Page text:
Low Caffeine Weight Gain

Beginning in late September I scaled down my caffeine intake. Then in October, I went the entire month without coffee and 21 days without any caffeine. This month I have been on a very low caffeine intake, averaging just 1 cup of coffee a day. I covered that experiment in the article A Month Without Coffee. Well, today I confirmed a side effect that I suspected was occurring: weight gain.

I am now 7 pounds heavier than when I started my caffeine reduction experiment (was 187, now 194). And it isn’t muscle. Although I am still lean, ab definition is now gone. I’m not concerned though, because reducing caffeine has resulted in fewer headaches. I’ll take that trade any day. Plus I know how to lean out with minimal effort, so I can always get back to my normal weight – if I can do it without increasing headache frequency.

Why did I gain weight during this period? Some thoughts:

  1. Caffeine is an appetite suppressant.
  2. Seattle weather was terrible during this period. My non-exercise movement (walking) was minimal. This means I was home near my food supplies for a high percentage of the month.
  3. I had strong sugar cravings when I came off caffeine.
  4. When I did go to the gym to do my High Intensity Training, my focus was off. Either I went to failure faster than normal or I didn’t have the grit to push myself as hard. Although I strongly believe exercise plays almost no role in fat loss, I do think HIT has some fat loss applications, provided it really is high intensity and you aren’t just going through the motions like I was doing.
  5. Less morning fasting. I had less discipline on delaying my first meal without caffeine.

Photo by Länsmuseet Gävleborg

I’m even more convinced than before that my next caffeine detox will be in the summer. Then I will be able to distract myself with hours of low intensity movement away from my kitchen. But for now, I’m gradually adding back more Intermittent Fasting. My gym intensity is still below normal, but that just might take more practice of learning how to generate high intensity without getting jacked on espresso. If those strategies don’t work, I might increase my average daily coffee intake to 2, which is still half of what it was before I started reducing my caffeine levels. Of course I’ll only do that if it doesn’t result in more headaches.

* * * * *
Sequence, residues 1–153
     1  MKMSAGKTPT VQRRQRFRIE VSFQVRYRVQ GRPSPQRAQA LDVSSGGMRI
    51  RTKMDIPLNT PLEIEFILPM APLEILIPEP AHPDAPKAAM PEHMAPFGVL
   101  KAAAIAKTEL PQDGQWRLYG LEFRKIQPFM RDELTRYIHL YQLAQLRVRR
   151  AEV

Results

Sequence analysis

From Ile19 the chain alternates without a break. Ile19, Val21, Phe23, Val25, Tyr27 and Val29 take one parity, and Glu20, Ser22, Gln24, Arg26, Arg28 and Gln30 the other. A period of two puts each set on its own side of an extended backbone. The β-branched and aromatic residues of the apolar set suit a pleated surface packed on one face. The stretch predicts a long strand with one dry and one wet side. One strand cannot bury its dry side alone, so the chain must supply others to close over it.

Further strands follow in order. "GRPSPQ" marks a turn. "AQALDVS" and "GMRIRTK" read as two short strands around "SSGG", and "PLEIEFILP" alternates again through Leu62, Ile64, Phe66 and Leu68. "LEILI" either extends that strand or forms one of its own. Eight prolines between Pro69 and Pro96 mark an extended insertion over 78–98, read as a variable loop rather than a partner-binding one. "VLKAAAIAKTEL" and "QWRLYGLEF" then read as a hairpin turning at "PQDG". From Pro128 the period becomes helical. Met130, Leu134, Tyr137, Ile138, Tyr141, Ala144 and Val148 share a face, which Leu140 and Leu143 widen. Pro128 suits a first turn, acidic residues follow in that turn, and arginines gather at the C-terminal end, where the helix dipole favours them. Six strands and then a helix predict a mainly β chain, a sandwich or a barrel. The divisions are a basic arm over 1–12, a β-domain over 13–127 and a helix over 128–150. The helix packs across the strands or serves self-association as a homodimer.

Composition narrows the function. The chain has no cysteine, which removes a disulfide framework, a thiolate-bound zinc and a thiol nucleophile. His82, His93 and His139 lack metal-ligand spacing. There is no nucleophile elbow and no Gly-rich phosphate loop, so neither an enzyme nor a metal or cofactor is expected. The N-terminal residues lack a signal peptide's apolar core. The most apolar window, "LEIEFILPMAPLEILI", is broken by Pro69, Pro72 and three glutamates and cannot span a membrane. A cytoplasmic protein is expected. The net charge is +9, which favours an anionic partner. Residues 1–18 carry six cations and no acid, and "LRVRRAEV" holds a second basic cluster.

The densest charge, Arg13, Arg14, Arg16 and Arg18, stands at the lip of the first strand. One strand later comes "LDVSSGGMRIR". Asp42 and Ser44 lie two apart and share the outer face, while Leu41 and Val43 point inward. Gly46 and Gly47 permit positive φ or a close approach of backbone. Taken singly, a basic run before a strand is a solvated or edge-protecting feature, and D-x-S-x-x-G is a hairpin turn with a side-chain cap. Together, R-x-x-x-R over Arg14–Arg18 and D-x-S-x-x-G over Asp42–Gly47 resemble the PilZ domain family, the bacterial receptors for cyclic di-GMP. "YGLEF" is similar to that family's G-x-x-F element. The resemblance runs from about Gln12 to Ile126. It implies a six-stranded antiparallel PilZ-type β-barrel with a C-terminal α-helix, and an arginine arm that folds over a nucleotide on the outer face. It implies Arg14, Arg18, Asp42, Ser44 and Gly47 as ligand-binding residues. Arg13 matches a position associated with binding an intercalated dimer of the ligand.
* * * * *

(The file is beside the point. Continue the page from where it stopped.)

Add yours

  1. I absolutely believe this is true. I’ve recently started intermittent fasting again, and so far the only way I’m able to successfully skip a meal is to replace it with a big ole cup of coffee.

  2. I wonder if you see the reality behind this humorous comment:

    “…very low caffeine intake, averaging just 1 cup of coffee a day.”

  3. @Txomin – I’m actually considering selling my beloved espresso machine. The drug equivalent would be putting away the crack pipe and pulling out the mirror. 🙂

  4. Kiefer and Robb Wolf discuss some interesting topics on the Paleo Solution Podcast (160); might be of help to you.

  5. @Frank – Just listened to 160. I tend to follow a similar approach. My mornings are ketogenic or low-carb.

  6. The without coffee posts were interesting. Thanks for sharing your experiment.

    If you wanted to “lean out with minimal effort,” what strategy would you follow?

  7. Thanks, Michael.

    The fermented vegetables are an interesting addition. I ferment lots of salsa (grew up in TX), but always avoided when trying to stay in ketosis. Seems like unfermented raw vegetables would work too.

  8. Hi Michael,

    Jazz here. Just wanted to add a point which I can remember from Paul Chek re the effect of coffee on thinking is that he says tea can help your Brain to think in different directions/idea generation whereas coffee helps in more linear thinking or focussed thinking. I can feel it as in my PT sessions before training a Client my mind has lot of different ideas to play with which can cause problems sometimes as for a 30 mins session, i need to be fast on my feet so with a coffee before the start of my back to back sessions I am more quick and focussed in my planning and implementing the plan.


  9. @Jazz – I have experienced that effect, but never thought about it too much. Right now I am dialing down my coffee intake, so I will be increasing my tea a bit. Thanks.

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